Redis is an open-source, in-memory, stateless, distributed datastore. It is heavily used as a distributed cache, as a NoSQL for storing data in memory. Redis can also be used as a message broker, for serving fast in-memory analytics. But simply to get started let’s just use Redis as a cache. Redis is not as hard as it looks or may seem. You can be on your way to using it in a very short time. The idea for a Redis mini-series started when I started writing about scaling airflow using Redis. Redis blog entries cover the following aspects Data Structures – Lists, Sets, Maps etc – Using Redis CLI, Python and Scala Using Redis with Apache Spark Configuring Redis Cluster Using AWS Elastic Cache for Redis with AWS EMR Let’s get started! – As is the case with any software we need to download and install it. Well with Redis, … Read more

Airflow – Scale-out with Redis and Celery

Introduction This post uses Redis and celery to scale-out airflow. Redis is a simple caching server and scales out quite well. It can be made resilient by deploying it as a cluster. In my previous post, the airflow scale-out was done using celery with rabbitmq as the message broker. On the whole, I found the idea of maintaining a rabbitmq a bit fiddly unless you happen to be an expert in rabbitmq. Redis seems to be a better solution when compared to rabbitmq. On the whole, it is a lot easier to deploy and maintain when compared with the various steps taken to deploy a RabbitMQ broker. In a nutshell, I like it more than RabbitMQ! To create an infrastructure like this we need to do the following steps Install & Configure Redis server on a separate host – 1 server Install & Configure Airflow with Redis and Celery Executor … Read more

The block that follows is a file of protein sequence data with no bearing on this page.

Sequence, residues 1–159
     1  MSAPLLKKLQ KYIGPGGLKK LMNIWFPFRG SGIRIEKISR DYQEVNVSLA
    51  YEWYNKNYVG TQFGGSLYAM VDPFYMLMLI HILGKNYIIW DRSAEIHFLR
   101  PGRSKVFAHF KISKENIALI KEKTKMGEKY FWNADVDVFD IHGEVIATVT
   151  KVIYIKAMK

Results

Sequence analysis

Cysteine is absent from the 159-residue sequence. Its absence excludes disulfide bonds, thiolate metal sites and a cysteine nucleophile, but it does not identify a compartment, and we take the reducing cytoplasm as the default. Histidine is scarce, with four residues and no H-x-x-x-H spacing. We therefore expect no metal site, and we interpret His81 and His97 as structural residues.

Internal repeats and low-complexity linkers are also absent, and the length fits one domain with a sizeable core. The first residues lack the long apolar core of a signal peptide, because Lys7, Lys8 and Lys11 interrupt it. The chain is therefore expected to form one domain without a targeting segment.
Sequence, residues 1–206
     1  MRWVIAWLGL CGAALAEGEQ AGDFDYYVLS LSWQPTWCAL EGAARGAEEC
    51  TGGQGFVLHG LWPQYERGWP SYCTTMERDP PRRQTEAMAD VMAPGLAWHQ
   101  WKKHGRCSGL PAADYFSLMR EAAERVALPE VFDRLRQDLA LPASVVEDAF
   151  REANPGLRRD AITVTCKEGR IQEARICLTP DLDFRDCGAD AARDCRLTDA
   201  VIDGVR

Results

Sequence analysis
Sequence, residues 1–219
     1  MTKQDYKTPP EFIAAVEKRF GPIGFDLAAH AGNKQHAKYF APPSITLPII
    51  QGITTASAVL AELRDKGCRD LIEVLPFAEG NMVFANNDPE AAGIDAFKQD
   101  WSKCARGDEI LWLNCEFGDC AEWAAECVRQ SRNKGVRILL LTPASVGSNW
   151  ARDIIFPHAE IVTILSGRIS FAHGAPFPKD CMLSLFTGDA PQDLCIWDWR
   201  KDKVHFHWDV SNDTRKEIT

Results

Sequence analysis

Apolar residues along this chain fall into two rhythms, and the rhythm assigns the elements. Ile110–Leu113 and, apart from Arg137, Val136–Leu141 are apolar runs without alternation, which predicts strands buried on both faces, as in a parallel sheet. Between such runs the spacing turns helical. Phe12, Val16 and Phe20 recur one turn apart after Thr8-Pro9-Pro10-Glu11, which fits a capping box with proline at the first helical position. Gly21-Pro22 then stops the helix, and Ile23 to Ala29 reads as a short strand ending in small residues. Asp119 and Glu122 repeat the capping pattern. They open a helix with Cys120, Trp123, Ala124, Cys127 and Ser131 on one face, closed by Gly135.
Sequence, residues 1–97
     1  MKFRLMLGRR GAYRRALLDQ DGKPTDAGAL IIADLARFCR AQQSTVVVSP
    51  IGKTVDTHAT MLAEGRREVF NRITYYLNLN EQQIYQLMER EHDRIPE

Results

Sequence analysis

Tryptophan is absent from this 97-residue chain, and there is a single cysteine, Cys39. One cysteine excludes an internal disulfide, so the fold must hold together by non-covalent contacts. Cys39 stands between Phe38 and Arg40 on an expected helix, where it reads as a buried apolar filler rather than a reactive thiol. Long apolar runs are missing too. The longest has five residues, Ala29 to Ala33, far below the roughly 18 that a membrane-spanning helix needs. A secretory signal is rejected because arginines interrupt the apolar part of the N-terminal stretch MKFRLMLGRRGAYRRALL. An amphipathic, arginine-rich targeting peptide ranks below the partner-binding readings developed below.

Airflow – Scale out with RabbitMQ and Celery

Introduction Airflow Queues and workers are required if there is a need to make the airflow infrastructure more flexible and resilient. This blog entry describes how to install/setup/configure additional components so that we can use airflow in a more flexible and resilient manner. Till now we have used a local executor to execute all our jobs. Which works fine if we have a small number of jobs and they are not running when another job is running. However, in the real world, this is always the case. Additionally, we also need to take care of the possibilities of an airflow local executor becoming unavailable. Airflow queues are like any other queues and use a messaging system – like RabbitMQ, ActiveMQ. Airflow scheduler sends tasks as messages to the queues and hence acts as a publisher. Airflow workers are configured to listen for events(i.e tasks) coming on particular queues and execute … Read more

Airflow – Connections

Introduction We understand that airflow is a workflow/job orchestration engine and can execute various tasks by connecting to our environments. There are various ways to connect to an environment. One needs is connection details about that environment to connect to. For example Postgres DB – Hostname, Port, Schema SSH – Hostname which allows SSH connections. The list may extend to AWS, Google Cloud or Azure as well. But all of them need to some sort of connection information. Airflow is no different and needs connection information. One only needs to log in and goto Admin->Connections to see the exhaustive list of connections which are possible. Airflow allows for various connections and some of the documentation can be found on this link. You can see the various types of connections which can be made by airflow. This makes connecting to different types of technologies so easy by airflow. Keep in mind … Read more

Airflow – Sub-DAGs

Introduction Workflows can quickly become quite complicated which makes them difficult to understand. To reduce complexity tasks can be grouped together into smaller DAGs and then called. This makes DAGs easier to manage and maintain. Creating a sub dag consists of Creating the actual Sub DAG and testing it. Create a DAG which calls the Sub-DAG created in Step1. For those of you wondering how to call a sub-dag. It is easy using the SubDagOperator. In the next example, we would re-use one of our earlier examples as a Sub-DAG and call it from another DAG. Create a Sub-DAG Let’s first see the code of the Sub-DAG. You will observe that it is very similar to a DAG from the previous entries except that it is called inside a function. See Below Before moving forward a few important points Airflow Sub DAG is in a separate file in the same … Read more